Flood of 1916 Exhibit
In mid-July 1916, the remnants of two hurricanes collided over western North Carolina, inundating the mountain region and the western Piedmont with historic rainfall.
The result was catastrophic. Landslides wiped out whole families. Currents ripped babies from their parents’ arms. Rivers washed away thousands of jobs. When the water finally receded, at least fifty lay dead, damages totaled in the millions of dollars, and a thick black sludge remained where crops once stood. The scope of the devastation was almost inconceivable.
Find the Exhibit Near You in 2016 and 2017
One hundred years later, the storm remains one of the worst ever experienced in the Tar Heel state. To commemorate the event, the North Carolina Office of Archives and History has developed a traveling exhibit, So Great the Devastation: The 1916 Flood. The exhibit debuted at the History Museum of Catawba County in downtown Newton in March and will travel to 12 different natural and cultural institutions throughout the region during the rest of this year and in early 2017.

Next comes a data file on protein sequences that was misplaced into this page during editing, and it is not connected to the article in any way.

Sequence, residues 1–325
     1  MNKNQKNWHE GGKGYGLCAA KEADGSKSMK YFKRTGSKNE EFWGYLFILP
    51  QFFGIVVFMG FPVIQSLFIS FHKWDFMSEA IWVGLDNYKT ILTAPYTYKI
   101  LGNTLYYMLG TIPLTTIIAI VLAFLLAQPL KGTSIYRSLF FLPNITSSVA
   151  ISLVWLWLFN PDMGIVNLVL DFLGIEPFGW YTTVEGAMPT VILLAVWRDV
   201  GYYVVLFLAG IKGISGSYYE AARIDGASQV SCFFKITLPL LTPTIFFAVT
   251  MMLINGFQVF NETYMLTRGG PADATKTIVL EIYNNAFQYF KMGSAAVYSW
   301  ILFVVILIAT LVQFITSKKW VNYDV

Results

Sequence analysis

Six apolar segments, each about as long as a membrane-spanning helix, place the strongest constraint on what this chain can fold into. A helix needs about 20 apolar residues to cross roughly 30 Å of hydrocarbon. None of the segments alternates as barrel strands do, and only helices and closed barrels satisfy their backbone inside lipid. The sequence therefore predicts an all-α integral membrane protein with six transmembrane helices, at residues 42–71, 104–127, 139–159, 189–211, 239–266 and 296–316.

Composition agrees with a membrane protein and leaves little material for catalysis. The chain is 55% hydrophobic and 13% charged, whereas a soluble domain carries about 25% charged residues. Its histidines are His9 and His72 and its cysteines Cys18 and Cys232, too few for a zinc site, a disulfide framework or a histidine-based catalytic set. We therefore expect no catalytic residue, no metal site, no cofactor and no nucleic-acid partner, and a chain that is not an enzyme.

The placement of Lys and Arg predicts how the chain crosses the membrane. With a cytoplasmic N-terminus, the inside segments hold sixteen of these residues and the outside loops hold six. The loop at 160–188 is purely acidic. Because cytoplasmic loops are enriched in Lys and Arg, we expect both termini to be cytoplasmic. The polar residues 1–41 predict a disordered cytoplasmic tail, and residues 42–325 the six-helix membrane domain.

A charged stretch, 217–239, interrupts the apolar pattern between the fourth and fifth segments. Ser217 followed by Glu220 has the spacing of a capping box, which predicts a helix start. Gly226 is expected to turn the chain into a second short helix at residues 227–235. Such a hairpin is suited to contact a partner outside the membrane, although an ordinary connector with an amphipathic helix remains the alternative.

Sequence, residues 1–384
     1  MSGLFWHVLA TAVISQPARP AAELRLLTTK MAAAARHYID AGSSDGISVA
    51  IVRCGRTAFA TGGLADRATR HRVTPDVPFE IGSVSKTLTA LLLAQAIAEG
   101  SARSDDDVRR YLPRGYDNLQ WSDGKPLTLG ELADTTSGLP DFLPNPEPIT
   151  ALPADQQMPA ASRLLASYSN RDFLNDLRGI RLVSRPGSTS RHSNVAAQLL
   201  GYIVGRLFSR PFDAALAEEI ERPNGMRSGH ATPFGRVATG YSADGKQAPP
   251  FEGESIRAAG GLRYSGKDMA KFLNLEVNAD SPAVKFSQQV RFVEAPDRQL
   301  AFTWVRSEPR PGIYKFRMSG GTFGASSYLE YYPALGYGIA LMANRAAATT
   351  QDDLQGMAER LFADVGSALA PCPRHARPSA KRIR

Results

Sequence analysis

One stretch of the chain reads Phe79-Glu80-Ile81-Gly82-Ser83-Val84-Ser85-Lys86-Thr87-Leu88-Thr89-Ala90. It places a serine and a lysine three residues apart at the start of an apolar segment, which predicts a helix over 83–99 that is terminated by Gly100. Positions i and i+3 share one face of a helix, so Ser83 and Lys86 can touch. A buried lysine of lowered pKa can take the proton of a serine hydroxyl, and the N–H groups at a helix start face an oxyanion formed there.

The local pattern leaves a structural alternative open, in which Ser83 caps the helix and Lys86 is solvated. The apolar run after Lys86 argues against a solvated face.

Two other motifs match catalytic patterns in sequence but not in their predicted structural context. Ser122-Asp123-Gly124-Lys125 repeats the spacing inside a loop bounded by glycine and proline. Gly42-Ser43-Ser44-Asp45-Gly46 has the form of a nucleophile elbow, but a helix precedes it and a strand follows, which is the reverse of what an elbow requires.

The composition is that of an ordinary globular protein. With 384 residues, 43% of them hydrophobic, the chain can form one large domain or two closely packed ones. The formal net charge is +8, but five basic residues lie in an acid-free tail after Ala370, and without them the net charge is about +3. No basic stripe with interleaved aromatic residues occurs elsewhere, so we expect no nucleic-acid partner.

Here are the remaining stops currently scheduled:
|June 1-July 15||Pack Memorial Library||Asheville|
|July 16||Asheville-Buncombe Technical Community College||Asheville|
|July 17-August 31||Belmont Historical Society||Belmont|
|September 1-30||Lincoln County Historical Association, Mudy House||Denver|
|October 1-31||Wilkes Heritage Museum||Wilkesboro|
|November 1-30||Chimney Rock State Park||Chimney Rock|
|December 1-31||Burke County Public Library||Morganton|
|January 1-31, 2017||Iredell County Public Library||Statesville|
|February 1-28, 2017||Elkin Public Library||Elkin|
|March 1-31, 2017||New River State Park||Laurel Springs|
So Great the Devastation, The Book
To coincide with the exhibit, North Carolina Historical Publications released a short book exploring the flood and its lasting impact on the western part of the state.